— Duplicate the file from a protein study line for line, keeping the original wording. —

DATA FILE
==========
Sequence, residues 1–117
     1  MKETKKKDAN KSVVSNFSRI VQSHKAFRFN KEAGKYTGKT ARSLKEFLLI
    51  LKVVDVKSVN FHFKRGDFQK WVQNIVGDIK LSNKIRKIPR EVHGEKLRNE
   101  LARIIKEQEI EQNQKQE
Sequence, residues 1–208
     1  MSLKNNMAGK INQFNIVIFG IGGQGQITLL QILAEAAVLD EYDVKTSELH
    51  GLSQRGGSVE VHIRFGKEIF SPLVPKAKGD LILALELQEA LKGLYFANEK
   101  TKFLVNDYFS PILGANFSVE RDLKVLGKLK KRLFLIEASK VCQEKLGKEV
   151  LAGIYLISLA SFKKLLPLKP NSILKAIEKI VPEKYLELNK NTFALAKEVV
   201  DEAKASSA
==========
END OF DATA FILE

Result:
Sequence, residues 1–117
     1  MKETKKKDAN KSVVSNFSRI VQSHKAFRFN KEAGKYTGKT ARSLKEFLLI
    51  LKVVDVKSVN FHFKRGDFQK WVQNIVGDIK LSNKIRKIPR EVHGEKLRNE
   101  LARIIKEQEI EQNQKQE
Sequence, residues 1–208
     1  MSLKNNMAGK INQFNIVIFG IGGQGQITLL QILAEAAVLD EYDVKTSELH
    51  GLSQRGGSVE VHIRFGKEIF SPLVPKAKGD LILALELQEA LKGLYFANEK
   101  TKFLVNDYFS PILGANFSVE RDLKVLGKLK KRLFLIEASK VCQEKLGKEV
   151  LAGIYLISLA SFKKLLPLKP NSILKAIEKI VPEKYLELNK NTFALAKEVV
   201  DEAKASSA